Vancouver, BC – This weekend will mark Savannah King‘s final time swimming for the UBC Thunderbirds.

One of the most decorated swimmers in UBC history, King and the Thunderbirds are set for the 2015 CIS Swimming Championships beginning Thursday in Victoria. The UBC women are the three-time defending CIS Champions, and King, in her fifth and final year of eligibility, is looking to cement her legacy with a weekend to remember.

“There is that lingering feeling that it is coming to an end and I need to start focusing on future things,” said King, a native of Vernon, BC. “I’m nervous and excited at the same time. We had Canada West championships in November and I was a wreck there. No doubt there will be lots of tears this weekend.”

King originally came to Vancouver in 2007 as a 15-year old to train at the national training centre in preparation for the 2008 Summer Olympics in Beijing. While there she got to know the members of the UBC Thunderbirds team, bonded with the girls and decided to stay.

Since joining the Thunderbirds program in the fall of 2010, King has dominated the distance freestyle events. She is a three-time CIS Champion, five-time Canada West Champion, been named CIS Swimmer of the Year twice, Canada West Swimmer of the Year four times, the CIS/Canada West Rookie of the Year, and is a two-time Olympian (2008 & 2012). In total she has won 24 Canada West medals (20 gold, 2 silver, 2 bronze) and heading into this week’s CIS Championship 15 CIS medals (9 gold, 3 silver, 3 bronze). 

This weekend she has the opportunity to join a elite group in Victoria; if she can win the 800m freestyle at the CIS Championships for a fifth straight year.

“Last year they gave me the grand slam award for winning the event the last four years and that was an honour,” said King. “But to go five for five and to have never been beaten in one event, that was one of my goals coming in to this season. We talk about leaving a legacy as a team, this is my opportunity to leave a legacy as an individual.”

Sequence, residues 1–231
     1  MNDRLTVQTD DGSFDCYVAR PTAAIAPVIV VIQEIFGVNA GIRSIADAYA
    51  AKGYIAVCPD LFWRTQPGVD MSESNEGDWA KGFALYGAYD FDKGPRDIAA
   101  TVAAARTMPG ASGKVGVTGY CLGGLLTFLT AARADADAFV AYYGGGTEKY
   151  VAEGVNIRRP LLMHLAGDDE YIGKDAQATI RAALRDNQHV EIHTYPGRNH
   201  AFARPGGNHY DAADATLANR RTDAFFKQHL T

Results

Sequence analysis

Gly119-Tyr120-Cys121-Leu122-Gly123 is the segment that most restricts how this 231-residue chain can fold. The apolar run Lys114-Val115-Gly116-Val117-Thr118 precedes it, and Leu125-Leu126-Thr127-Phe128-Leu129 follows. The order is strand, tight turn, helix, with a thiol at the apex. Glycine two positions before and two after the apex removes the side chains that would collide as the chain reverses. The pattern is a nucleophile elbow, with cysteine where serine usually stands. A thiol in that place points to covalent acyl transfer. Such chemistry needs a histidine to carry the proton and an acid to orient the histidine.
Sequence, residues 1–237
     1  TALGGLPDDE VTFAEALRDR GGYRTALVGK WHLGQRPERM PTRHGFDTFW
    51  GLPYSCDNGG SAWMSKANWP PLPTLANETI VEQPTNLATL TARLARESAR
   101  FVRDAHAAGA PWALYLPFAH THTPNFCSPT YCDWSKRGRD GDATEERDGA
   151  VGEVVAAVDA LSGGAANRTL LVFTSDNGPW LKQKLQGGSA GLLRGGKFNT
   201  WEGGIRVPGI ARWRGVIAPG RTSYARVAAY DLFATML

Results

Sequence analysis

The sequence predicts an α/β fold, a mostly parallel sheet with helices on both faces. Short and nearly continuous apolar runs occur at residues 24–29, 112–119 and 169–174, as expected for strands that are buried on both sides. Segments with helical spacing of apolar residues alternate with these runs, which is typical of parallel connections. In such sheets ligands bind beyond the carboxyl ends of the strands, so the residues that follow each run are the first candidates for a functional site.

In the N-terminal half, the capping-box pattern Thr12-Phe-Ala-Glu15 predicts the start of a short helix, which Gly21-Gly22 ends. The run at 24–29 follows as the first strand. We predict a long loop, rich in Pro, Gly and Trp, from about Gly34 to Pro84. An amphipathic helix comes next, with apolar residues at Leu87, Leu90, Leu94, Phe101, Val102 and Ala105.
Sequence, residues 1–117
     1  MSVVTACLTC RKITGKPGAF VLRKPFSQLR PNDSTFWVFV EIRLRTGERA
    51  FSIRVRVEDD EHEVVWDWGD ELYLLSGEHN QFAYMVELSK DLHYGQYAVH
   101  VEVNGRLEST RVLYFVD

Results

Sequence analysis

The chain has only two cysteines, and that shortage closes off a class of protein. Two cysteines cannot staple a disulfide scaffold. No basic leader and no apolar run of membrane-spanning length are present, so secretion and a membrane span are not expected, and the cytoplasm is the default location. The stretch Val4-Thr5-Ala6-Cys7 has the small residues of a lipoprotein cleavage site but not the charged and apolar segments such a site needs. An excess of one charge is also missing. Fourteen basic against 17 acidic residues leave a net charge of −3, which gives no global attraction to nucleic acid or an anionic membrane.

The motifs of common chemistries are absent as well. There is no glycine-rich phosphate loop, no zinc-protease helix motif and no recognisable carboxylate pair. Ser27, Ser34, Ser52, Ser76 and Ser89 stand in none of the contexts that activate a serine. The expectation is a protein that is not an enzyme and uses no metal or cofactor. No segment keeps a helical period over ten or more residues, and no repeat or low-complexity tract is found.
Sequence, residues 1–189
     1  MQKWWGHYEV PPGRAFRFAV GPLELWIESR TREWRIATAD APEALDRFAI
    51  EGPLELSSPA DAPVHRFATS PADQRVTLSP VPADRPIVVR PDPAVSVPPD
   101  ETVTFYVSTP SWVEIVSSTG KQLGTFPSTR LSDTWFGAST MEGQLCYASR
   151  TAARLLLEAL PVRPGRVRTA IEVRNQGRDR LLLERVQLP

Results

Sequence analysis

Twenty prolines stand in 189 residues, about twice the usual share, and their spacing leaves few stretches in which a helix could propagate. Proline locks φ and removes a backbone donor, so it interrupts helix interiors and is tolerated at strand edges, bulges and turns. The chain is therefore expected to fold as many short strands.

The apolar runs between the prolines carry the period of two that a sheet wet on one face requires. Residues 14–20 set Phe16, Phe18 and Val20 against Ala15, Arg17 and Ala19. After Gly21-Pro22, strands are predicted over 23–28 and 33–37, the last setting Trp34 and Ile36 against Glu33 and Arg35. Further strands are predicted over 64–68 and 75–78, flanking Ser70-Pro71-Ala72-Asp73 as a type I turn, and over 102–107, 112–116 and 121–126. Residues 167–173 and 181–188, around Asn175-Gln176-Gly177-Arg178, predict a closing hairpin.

However, as great as individual accolades are, team success, especially UBC Thunderbirds success is what ultimately drives King.

“Probably one of my favourite experiences in my entire career, even counting both Olympic games I swam in, was the 2012 CIS Championships in Montreal,” said King. “It came down to the last relay for the men’s championship and our guys were within a couple of points of winning and they had to come top two. They ended up winning. To have the entire team (both men and women) win the title together and just that moment coming down to the one race was the most exciting thing I’ve ever had happen to me. It still gives me goose bumps just thinking about it.”

“Savannah absolutely loves UBC Thunderbirds swimming and UBC Thunderbirds sports and has been a steady force in the program for the last five years,” said UBC head coach Steve Price. “She appreciates it more and more the older she has gotten. She really wants to swim well for her school and she takes great pride in it.”

“Everybody has to know it is about the team, even the national team athletes,” said King. “It’s so cool to think about the elite athletes putting so much into varsity swimming. It means so much.”

After this weekend King will turn her attention to an even longer distance in the water, 10 kilometres. Due to her success in the distance events in the pool, Swimming Canada approached her about moving to the open water and taking a crack at a third Olympic Games in 2016. 

“There are only four or five women who have gone to three Olympic Games and to be apart of that elite group would be a blessing and something I could hang my hat on for the rest of my life,” said King. “Somebody said that is an easy way out, but they have never swam a 10km. Ultimately, I’ve been to two Olympic games, now it’s time to step it up and try and get to the podium.”

The first step to making her return to the Olympics is to qualify for the Pan American Games in May at an open water race in Mexico.

Regardless of what transpires over the next six months King will continue to purse her degree from the School of Kinesiology (she is just five courses shy of graduation) and hopefully one day work with athletes with a focus on bio mechanics.

“I’m really become interested in our bio mechanist who works with our swim team and our stroke,” said King. “Whether it is swimming or otherwise, I would like to stay in sports some how. I’ve grown accustomed to the life of travel, so ideally I will find a job in which I can see the world.”

As for the ‘R’ word, retirement from competitive swimming, King knows the end is near and no matter what happens she has zero regrets.

“My thought is after 2016 that would be it,” said King. “I’ve swam for 17 years. It has been a good run. Even if I retired today, there is nothing I would change. I’m completely proud of everything I have accomplished.”